Infant Cries Affect Adult Cognition
According to a study out of the University of Toronto, a baby’s cry not only commands our attention, it also rattles our executive functions – the very neural and cognitive processes we use for making everyday decisions.
One researcher said, “Parental instinct appears to be hardwired, yet no one talks about how this instinct might include cognition. If we simply had an automatic response every time a baby started crying, how would we think about competing concerns in the environment or how best to respond to a baby’s distress.”
The study looked at the differences between a baby’s laugh and cry and how that affected the adults who heard the sound. The researchers used the Stroop task – where participants were asked to rapidly identify the color of a printed word while ignoring the meaning of the word itself – in order to test the cognition of the adults in the study. The brains of the adults were measured after the two-second audio clip of either crying or laughing by the infant.
The results of the study included that the infant cries reduced attention to the task and triggered greater cognitive conflict processing than the infant laughs. The problem is when cognitive conflict is triggered our attention is compromised. While an infant’s cries have been known to cause aversion in adults, it also causes their brain to “switch on” into “parenting mode”.
One researcher noted that, “It’s this cognitive flexibility that allows parents to rapidly switch between responding to their baby’s distress and other competing demands in their lives-which, paradoxically, may mean ignoring the infant momentarily.” Interestingly, the researchers note that infants occupy a privileged status in our neurobiological programming.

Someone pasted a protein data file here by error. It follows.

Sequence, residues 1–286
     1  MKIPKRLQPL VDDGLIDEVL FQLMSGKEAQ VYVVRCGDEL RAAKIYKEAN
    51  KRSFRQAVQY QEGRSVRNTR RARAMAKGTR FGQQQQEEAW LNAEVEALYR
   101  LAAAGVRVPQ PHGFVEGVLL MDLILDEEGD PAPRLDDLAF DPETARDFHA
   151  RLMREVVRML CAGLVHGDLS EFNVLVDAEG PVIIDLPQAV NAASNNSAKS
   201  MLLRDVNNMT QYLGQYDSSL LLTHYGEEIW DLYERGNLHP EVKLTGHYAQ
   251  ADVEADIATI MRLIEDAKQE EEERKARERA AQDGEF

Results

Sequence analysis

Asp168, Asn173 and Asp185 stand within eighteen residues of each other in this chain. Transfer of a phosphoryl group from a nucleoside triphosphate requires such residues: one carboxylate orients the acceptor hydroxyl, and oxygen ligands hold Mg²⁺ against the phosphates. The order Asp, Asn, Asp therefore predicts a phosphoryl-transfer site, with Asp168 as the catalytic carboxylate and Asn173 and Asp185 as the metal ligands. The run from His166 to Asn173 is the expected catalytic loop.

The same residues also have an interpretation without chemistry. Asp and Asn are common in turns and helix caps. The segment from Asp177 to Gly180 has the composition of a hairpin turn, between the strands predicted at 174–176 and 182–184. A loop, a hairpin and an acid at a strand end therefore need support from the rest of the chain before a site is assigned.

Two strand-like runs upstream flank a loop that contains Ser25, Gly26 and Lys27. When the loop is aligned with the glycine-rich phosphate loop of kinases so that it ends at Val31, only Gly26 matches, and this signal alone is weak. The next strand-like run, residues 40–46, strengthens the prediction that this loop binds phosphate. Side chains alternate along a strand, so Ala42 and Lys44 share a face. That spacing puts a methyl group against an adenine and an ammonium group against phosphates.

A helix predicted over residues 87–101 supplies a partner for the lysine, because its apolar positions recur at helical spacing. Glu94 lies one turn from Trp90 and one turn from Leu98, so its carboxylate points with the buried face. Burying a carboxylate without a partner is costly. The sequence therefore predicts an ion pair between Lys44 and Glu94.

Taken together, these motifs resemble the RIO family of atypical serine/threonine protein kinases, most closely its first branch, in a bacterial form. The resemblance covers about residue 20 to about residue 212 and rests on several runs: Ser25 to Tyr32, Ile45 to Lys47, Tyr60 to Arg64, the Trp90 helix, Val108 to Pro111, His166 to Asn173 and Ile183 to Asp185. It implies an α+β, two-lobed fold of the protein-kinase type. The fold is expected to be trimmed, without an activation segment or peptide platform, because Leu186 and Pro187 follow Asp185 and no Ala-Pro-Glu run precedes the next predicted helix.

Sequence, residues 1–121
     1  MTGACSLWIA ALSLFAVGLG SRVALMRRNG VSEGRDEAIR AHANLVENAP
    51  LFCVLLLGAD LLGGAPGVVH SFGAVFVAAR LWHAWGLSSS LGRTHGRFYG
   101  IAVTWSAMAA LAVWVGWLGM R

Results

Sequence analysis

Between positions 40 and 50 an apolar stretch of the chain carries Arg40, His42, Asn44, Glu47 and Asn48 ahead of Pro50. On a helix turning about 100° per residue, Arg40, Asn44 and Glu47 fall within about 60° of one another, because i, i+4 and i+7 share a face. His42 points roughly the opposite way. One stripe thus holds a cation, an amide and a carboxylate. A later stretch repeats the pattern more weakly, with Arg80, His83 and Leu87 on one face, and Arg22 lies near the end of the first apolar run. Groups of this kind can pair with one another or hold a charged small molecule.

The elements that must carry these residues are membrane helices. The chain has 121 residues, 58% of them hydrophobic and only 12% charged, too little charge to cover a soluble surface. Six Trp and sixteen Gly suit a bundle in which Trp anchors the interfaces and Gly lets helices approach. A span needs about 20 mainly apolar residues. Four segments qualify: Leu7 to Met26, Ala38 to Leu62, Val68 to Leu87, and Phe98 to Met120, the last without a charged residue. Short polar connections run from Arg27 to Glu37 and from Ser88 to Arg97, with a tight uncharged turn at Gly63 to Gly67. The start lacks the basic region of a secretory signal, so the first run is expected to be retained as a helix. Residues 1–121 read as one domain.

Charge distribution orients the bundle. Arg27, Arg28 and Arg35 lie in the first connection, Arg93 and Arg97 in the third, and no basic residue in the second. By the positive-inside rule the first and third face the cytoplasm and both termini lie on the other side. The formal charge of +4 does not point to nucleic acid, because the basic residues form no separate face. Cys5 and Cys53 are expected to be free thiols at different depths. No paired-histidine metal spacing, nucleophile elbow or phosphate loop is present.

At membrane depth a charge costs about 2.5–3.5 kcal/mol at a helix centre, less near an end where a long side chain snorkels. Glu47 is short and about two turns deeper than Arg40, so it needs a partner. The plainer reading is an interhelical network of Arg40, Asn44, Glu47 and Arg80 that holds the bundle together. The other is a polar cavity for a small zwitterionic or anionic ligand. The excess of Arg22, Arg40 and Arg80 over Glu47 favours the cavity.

So when your baby cries, know that it’s not just annoying it’s helping you parent and juggle everything in your daily life.
Razi Berry, Founder and Publisher of Naturopathic Doctor News & Review (ndnr.com) and NaturalPath (thenatpath.com), has spent the last decade as a natural medicine advocate and marketing whiz. She has galvanized and supported the naturopathic community, bringing a higher quality of healthcare to millions of North Americans through her publications. A self-proclaimed health-food junkie and mother of two; she loves all things nature, is obsessed with organic gardening, growing fruit trees (not easy in Phoenix), laughing until she snorts, and homeschooling. She is a little bit crunchy and yes, that is her real name.